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Ignacio Mulero Makes Second Ascent of The Meltdown (9a/5.14d)

Spaniard Ignacio Mulero has sent the notorious slab route in North Wales.

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The Meltdown (9a/5.14d) a slab line in Llanberis Slate Quarries, North Wales, was bolted by Johnny Dawes back in 1986, but wasn’t sent until James “Caff” McCaffie battled up it in 2012. Now Spanish climber Ignacio Mulero has claimed the second ascent after twenty or so tries.

A post shared by Ignacio Mulero (@ignaciomulero) on

That Mulero was the one to pull the second isn’t exactly surprising, if you look at his track record. Just last year, the Spaniard made the FA of La Pedriza’s Territorio Comanche (8c+/5.14c) in Madrid, another difficult slab route. In addition to knocking off several bitterly tough trad routes (8b+/5.14a and 8c/5.14b), he recently made the FA of Clandestino (9a/5.14d) in Teverga, Spain, and has bouldered 8C (V15). He recently made the  third ascent of Entropía, which, at the time of its first ascent back in 2011, was Spain’s only 8C.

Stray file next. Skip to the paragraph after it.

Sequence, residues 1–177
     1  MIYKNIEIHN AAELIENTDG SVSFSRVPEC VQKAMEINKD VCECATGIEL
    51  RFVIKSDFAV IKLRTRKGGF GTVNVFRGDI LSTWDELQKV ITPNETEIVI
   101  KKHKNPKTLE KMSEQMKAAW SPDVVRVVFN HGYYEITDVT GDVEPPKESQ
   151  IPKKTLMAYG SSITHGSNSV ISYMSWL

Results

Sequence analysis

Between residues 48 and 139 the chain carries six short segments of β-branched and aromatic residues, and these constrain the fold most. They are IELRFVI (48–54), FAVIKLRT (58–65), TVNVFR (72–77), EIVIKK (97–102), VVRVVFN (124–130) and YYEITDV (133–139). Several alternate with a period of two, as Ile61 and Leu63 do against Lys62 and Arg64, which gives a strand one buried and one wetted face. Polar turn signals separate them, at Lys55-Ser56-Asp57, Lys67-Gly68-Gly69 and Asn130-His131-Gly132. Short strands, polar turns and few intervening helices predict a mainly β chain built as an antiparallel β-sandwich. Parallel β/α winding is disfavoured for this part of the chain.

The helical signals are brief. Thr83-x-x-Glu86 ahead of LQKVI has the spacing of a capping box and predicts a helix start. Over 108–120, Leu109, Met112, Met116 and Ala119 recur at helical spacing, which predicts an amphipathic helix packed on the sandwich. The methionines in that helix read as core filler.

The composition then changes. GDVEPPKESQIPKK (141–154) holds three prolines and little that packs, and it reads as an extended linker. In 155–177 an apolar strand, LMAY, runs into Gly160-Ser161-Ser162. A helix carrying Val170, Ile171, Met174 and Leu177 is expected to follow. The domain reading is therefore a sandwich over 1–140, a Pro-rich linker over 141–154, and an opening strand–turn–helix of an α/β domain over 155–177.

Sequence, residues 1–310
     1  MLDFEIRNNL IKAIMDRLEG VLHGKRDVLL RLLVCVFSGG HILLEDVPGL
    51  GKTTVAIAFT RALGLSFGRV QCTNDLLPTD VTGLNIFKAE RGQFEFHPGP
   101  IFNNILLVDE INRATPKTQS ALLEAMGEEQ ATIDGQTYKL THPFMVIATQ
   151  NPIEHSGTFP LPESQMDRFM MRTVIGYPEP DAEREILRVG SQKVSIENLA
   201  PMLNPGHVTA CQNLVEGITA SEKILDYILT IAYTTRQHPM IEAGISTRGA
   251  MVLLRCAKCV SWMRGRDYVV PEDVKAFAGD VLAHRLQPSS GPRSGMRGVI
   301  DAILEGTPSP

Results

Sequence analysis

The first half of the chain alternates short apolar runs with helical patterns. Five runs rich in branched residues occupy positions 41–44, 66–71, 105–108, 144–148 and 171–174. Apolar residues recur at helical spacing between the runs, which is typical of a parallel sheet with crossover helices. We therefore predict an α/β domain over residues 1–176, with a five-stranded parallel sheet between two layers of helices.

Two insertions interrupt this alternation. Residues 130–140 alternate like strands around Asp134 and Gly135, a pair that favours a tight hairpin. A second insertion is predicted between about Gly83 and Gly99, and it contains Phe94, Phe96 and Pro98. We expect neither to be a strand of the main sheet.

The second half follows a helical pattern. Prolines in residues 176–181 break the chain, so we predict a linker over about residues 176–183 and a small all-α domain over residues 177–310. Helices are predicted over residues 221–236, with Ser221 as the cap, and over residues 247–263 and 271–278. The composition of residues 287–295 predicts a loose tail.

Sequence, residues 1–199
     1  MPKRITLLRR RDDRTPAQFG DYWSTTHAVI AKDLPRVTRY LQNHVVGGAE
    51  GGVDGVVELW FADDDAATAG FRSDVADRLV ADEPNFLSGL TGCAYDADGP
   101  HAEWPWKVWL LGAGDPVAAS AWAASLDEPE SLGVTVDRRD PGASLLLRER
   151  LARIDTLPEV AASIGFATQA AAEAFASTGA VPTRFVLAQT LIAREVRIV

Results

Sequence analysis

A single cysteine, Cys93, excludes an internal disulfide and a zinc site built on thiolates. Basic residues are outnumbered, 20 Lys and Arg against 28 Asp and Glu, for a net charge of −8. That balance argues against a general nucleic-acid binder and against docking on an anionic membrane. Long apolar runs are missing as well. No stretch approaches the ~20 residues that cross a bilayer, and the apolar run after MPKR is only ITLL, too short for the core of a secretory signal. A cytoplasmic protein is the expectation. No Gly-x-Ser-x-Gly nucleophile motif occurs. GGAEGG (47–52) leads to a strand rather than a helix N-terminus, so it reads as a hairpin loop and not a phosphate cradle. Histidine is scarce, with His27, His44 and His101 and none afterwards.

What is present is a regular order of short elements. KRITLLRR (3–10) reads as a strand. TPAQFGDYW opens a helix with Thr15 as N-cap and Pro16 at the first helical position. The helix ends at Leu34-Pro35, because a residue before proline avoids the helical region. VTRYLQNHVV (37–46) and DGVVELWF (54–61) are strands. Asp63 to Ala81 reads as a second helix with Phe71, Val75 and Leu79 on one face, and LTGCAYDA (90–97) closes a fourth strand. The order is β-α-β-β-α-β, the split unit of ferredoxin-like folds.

Mulero first tried The Meltdown a year ago with Dawes and McCaffie, before coming back this year and sending the route. Being able to work it with the creator and the first ascentionist, Mulero said “was very motivating.” On his return this year, Mulero was committed to sending the route, and even decided to miss his flight home, “because I had been very close to doing it last day,” he said. “I could not go to Spain in this situation.” He had some trouble finding belayers for his final try, as his friend had taken the flight home. But luckily, on the last day, he met three men who accompanied him to the route, and he finally pulled the send.

Mulero noted that the climbing at Llanberis, and on The Meltdown in particular, “is very strange. The slabs and the slate rock make the movements unique. The shapes of the rocks are very smooth with perfect cuts and very slippery,” he said. “There is no friction, so all the holds count.” Still, Mulero said, “climbing here is very fun. You have to combine balance and flexibility with good footwork technique, and above all with a lot of finger strength. Skin is also very important,” he said, “here, you can lose it very fast.”

Mulero admitted he’s got his sights set back on Spain next, to work some trad climbing projects he has in mind. “Then, at the end of the month,” he said, “I’m going to Rocklands for two and a half months. I left many projects there last year that I want to do now.”

When asked to describe The Meltdown in two words, Mulero simply said, “crazy route.” -Owen Clarke

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